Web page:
Posted by Jill Kerby on January 30 2013 @ 09:00
THE GOOD, THE BETTER AND THE UGLY…INSURANCE POLICIES
How much do you spend – and is it worth it – for all the insurance contracts you own?
After a few hours going through all of our policies recently – an exercise I haven’t done for a few years – the amount was pretty substantial, about €500 a month for protection, health, home, motor, travel and even the pet insurance.
The best value over the years, has been the life insurance and other protection policies like income and serious illness cover we have bought: all fixed terms and benefits, but properly staggered to mature at different stages as our child became less care-dependent and our incomes, savings and pension funds increased in value. The cost has been pretty reasonable for the peace of mind we’ve had. Now that he is 19, the need for high value term life insurance is gone…and we mostly have income protection cover now.
Insurance can add up to thousands, especially for families who want to keep their health insurance costs, so where can you make savings and is there such a thing as ‘bad’ insurance, policies that are nothing but a drain on your finances?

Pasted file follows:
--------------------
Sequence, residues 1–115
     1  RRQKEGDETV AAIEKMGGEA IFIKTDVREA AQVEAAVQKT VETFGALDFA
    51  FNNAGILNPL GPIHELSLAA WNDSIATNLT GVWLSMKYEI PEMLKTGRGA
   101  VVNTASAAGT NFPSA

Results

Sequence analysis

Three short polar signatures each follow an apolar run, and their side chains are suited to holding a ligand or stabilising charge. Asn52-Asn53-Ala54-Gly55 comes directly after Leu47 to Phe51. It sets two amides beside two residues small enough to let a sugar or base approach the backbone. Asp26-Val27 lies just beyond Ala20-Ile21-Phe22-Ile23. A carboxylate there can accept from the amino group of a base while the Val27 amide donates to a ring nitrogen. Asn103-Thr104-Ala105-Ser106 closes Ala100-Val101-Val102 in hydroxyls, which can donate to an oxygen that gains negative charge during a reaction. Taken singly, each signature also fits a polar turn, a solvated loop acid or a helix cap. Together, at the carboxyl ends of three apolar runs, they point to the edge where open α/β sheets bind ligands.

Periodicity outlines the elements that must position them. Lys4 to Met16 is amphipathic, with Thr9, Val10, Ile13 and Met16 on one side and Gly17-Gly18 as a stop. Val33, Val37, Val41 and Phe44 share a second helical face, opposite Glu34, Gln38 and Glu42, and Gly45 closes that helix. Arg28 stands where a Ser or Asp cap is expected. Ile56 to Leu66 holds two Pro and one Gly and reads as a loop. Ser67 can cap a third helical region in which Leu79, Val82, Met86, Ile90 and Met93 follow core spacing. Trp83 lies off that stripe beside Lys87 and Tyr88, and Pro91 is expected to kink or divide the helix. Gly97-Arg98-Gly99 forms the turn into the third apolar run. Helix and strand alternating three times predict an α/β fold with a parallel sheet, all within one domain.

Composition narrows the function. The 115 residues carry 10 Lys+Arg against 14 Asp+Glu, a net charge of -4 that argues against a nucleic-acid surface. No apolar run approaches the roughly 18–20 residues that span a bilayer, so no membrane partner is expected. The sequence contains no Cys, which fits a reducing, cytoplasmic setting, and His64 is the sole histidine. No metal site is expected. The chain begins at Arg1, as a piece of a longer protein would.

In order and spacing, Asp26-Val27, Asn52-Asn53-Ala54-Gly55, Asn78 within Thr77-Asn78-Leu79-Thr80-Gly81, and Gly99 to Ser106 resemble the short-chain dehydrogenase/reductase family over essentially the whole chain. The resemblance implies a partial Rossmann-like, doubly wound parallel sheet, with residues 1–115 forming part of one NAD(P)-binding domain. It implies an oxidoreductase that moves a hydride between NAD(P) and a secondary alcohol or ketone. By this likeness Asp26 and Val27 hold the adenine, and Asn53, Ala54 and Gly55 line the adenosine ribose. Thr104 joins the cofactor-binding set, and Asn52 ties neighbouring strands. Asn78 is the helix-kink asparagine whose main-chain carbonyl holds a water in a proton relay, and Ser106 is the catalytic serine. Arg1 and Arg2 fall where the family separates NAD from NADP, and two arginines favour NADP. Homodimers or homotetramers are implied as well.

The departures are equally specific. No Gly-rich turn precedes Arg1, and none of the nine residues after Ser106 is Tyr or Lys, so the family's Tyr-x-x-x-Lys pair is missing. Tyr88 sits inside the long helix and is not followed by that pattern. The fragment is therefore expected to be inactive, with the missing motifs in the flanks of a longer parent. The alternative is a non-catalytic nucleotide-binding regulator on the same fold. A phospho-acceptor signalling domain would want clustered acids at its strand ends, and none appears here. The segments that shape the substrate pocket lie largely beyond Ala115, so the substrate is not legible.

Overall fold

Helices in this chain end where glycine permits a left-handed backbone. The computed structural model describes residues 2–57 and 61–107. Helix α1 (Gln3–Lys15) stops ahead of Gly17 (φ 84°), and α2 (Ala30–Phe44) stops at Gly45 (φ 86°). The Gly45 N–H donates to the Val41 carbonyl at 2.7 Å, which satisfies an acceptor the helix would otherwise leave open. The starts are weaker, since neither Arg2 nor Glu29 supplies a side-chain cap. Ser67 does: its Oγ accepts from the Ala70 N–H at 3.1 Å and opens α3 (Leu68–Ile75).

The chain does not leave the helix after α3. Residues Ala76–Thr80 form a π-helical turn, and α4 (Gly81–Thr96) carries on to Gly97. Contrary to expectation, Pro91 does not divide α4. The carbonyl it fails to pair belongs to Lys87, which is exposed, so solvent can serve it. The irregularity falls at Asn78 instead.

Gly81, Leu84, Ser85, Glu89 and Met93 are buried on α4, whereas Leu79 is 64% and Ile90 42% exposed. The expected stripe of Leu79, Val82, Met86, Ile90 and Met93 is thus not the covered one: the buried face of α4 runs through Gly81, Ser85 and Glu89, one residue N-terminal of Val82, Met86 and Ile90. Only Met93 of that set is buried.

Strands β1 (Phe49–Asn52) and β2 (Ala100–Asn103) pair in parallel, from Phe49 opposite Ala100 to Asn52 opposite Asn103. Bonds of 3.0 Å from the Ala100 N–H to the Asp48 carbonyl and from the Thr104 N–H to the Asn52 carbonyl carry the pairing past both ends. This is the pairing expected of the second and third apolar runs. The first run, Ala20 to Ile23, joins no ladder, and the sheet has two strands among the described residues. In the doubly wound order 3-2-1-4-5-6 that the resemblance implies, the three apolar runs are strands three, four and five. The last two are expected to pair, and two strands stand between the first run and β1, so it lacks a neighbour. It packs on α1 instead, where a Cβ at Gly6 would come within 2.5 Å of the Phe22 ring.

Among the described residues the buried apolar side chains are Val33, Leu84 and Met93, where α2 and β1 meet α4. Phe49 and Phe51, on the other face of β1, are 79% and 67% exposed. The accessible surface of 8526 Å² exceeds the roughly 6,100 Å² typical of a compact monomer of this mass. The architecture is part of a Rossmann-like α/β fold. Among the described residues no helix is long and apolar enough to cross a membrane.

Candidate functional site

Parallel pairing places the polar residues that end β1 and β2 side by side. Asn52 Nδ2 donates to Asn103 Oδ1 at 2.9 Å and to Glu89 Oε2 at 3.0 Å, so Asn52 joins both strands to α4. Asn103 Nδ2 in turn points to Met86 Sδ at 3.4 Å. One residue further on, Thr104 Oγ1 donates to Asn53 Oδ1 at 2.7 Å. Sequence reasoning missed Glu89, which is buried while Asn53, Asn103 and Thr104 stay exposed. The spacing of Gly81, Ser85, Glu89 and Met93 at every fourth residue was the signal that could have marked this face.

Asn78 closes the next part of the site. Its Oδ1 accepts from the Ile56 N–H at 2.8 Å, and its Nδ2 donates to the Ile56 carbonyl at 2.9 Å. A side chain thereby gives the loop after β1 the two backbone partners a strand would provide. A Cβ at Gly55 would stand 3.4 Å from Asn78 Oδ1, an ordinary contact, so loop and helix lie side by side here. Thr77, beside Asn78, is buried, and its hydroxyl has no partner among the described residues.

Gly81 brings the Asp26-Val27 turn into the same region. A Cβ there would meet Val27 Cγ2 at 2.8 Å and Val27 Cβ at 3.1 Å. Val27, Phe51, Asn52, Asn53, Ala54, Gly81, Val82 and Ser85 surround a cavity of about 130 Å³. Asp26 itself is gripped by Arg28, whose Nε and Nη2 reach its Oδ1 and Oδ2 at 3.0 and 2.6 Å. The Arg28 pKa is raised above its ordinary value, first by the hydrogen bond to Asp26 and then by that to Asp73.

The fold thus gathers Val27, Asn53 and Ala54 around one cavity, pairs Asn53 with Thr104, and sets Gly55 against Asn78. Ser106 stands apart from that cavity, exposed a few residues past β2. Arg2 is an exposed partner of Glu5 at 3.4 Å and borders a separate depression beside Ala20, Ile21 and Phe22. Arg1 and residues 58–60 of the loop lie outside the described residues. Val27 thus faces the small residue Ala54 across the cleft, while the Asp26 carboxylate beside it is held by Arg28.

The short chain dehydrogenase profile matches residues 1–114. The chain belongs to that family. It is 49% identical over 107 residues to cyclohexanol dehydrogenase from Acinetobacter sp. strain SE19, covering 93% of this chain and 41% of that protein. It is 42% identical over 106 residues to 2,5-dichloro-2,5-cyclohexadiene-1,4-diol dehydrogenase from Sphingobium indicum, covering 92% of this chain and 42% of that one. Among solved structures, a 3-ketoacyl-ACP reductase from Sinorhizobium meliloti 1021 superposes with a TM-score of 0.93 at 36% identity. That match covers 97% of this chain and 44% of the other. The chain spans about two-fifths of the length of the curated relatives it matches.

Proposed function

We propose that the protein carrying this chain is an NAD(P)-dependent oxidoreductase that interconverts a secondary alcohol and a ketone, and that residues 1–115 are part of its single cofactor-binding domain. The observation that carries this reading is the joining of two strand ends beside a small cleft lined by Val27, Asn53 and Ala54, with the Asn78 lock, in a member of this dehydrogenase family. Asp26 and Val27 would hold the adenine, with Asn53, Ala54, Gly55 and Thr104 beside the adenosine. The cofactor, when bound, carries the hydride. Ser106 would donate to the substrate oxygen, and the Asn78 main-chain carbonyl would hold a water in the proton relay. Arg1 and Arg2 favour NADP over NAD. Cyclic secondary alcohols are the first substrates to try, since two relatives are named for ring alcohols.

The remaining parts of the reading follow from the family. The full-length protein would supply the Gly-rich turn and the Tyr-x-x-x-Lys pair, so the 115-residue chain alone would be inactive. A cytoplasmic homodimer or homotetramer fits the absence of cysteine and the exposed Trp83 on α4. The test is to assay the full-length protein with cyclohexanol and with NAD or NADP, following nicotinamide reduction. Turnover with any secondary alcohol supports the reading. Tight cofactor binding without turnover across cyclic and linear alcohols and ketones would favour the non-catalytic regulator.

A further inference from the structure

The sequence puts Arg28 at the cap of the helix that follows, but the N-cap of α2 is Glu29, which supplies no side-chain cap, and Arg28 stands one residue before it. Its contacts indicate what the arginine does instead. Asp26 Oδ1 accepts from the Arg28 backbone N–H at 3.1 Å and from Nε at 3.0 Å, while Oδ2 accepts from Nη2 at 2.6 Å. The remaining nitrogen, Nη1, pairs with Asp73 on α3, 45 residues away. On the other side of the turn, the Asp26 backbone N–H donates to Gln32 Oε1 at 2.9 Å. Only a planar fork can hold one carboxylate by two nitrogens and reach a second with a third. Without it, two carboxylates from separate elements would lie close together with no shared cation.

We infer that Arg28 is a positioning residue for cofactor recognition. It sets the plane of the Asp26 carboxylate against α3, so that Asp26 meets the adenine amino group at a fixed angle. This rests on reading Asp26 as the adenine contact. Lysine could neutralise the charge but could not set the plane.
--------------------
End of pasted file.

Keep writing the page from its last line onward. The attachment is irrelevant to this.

Lets start with the ‘good’ policies first:
Home/Motor Insurance isn’t just essential cover, but a legal requirement if you own a car or a mortgage (if don’t qualify for an age exemption).
One of the best ways to reduce your costs is to increase the excess you agree to pay on every claim, and, in the case of motor insurance, to always consider spending a modest extra amount to protect your no-claims bonus.
The recent EU gender directive has pushed up motor premiums for women and reduced them slightly for young men, but one way for young women drivers to mitigate this is to consider a new offer from www.NoNonsense.ie , FBD Insurance’s on-line company, to install ‘SmartDriver’, an in-car telematics device to measure driver behaviour. If it proves you are a safe driver, NoNonsense.ie will refund up to 30% of the cash premium. Other motor/home price websites include the likes of chill.ie, the National Consumer Agency, nca.ie and the AAIreland.ie website.